This is from Zodiackiller.com: "The relationship between Barnett and Cheri soured after Cheri returned from San Francisco, where she had visited her steady boyfriend. Cheri informed Barnett that she had accepted this boyfriend's wedding proposal and that she and Barnett could no longer date. (This conversation with Barnett occurred less than a week before her murder.)"
It is clear that the relationships of Cheri Jo Bates were less than clear cut, so it is by no means out of the question that Cheri Jo Bates may have made alternative plans that Sunday evening, once her friend Stephanie Guttmann declined her officer at 3.45 pm that day, to accompany her to the library. Cheri Jo Bates may have originally planned to meet a "boyfriend" after the library closed that evening, but her plans could have changed when Stephanie decided not to go to the library.
Later, Walter Siebert and friends noticed the same four men sitting on a fence, likely taking a break, around 7.15 pm, but they didn't notice Cheri Jo Bates or her vehicle. Therefore, it is unlikely the four men spotted Cheri Jo Bates alongside her vehicle at 7.15 pm, because if they had, Walter Siebert and friends would likely have noticed her and the Volkswagen Beetle too, which they didn't.
Additionally, if investigators tied the two stories together, and assumed the four men noticed Cheri Jo Bates by her vehicle at 7.15 pm, then she would have supposedly been leaving the library. Had she been arriving at the library, then Walter Siebert and friends would have seen her in the library between 7.15 pm and 9.00 pm. But she couldn't have been leaving the library either, because Cheri Jo Bates had apparently entered at opening time and wasn't even spotted in the library between 6.30 pm and 6.40 pm,
If Cheri Jo Bates checked out her books prior to 6.30 pm, why would she still be next to her vehicle at 7.15 pm. Had it been tampered with while in the library, she could have simply sought assistance inside the library or from her arriving friends. The whole scenario doesn't stack up.
The four men must have spotted Cheri Jo Bates on her arrival to the library just before 5.30 pm and relayed this to police, that "they had seen Cheri Jo near her car the previous night." At 7.15 pm, when the four men were spotted by Walter Siebert, Cheri Jo Bates and her vehicle were gone. Investigators likely assumed Cheri Jo Bates' vehicle remained throughout, as they had done from the very beginning, and the vehicle simply went unnoticed by Walter Siebert and company.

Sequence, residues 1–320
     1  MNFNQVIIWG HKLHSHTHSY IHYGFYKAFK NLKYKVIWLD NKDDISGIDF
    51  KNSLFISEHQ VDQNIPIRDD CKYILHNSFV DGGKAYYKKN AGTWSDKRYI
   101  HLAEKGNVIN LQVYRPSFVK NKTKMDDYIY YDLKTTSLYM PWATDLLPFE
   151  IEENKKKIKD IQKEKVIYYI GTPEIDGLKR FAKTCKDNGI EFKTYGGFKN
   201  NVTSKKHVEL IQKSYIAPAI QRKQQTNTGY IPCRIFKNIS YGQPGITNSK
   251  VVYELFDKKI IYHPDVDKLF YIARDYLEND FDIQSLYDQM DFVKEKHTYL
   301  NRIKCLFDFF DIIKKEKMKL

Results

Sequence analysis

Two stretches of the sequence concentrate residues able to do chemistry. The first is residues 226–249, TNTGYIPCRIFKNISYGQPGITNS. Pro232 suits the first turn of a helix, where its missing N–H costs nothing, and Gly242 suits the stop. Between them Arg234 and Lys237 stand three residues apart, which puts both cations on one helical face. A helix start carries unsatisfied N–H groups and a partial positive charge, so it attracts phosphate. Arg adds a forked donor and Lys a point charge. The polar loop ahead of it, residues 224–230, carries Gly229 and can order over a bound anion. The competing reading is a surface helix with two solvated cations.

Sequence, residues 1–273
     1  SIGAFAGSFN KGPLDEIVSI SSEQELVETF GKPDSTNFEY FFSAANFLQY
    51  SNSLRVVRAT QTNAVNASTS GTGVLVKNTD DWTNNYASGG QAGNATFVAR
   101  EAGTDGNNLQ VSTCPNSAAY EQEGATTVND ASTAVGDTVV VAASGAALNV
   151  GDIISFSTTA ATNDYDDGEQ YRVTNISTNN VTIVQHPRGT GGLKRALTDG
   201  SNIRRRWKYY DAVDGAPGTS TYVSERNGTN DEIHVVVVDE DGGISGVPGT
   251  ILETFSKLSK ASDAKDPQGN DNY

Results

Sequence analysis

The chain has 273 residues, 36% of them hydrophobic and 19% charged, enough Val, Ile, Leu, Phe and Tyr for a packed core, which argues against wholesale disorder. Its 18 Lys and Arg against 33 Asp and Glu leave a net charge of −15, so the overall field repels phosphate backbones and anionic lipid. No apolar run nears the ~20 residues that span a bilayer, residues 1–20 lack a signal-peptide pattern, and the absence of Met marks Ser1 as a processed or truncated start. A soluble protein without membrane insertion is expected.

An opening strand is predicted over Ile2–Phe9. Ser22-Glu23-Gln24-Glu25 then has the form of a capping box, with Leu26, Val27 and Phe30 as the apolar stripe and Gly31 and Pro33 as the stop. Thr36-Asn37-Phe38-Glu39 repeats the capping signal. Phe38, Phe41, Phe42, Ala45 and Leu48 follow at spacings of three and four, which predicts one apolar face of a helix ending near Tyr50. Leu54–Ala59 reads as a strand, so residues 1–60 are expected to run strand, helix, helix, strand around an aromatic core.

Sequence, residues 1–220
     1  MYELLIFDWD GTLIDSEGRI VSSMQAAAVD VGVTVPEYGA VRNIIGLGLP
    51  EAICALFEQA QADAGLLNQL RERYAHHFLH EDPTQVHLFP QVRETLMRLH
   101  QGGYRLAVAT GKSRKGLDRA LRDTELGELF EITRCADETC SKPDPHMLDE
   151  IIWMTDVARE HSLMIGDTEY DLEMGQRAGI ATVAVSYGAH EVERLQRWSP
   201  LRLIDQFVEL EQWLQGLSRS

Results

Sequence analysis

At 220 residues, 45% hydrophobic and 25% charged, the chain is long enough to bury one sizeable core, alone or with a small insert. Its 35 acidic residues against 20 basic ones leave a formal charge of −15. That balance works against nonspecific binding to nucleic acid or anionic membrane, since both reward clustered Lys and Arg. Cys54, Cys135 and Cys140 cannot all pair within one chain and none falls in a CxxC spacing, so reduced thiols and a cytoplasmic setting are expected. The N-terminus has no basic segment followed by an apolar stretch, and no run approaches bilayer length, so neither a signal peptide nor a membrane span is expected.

Originally her plans were to visit the library to study with Stephanie Guttmann, but possibly her plans changed and she decided to meet with this "boyfriend". The eventual murder had all the hallmarks of a spurned admirer and 'crime of passion'.
The problem we have, is why would Cheri Jo Bates' vehicle have left the library and returned to effectively the same position some 4 hours later. Had she arranged to meet the 'mystery man' outside the library just after checking her books out, gone to a secondary location, before returning her 'passenger' where she picked him up. If so, did he live nearby, and was familiar with the college campus, including the two empty houses along the alleyway. The fact that both windows were rolled down, with the keys in the ignition and doors unlocked, may suggest something erupted on their arrival back at the library.
If he is carrying her books for her, the 'mystery man' may have exited the vehicle, placed the books on the seat, closed the right door, inadvertently leaving it slightly ajar, and then proceeded to disable her vehicle in the heat of the moment to prevent her leaving. This may explain her eagerness to vacate the vehicle and seek help. She is dragged into the alleyway, and the attack begins circa 10.30 pm. The author of the 'Confession' letter, if the killer, knew that by playing into the police narrative of the crime, the investigation would remain squarely around the college campus and make his confession completely worthwhile.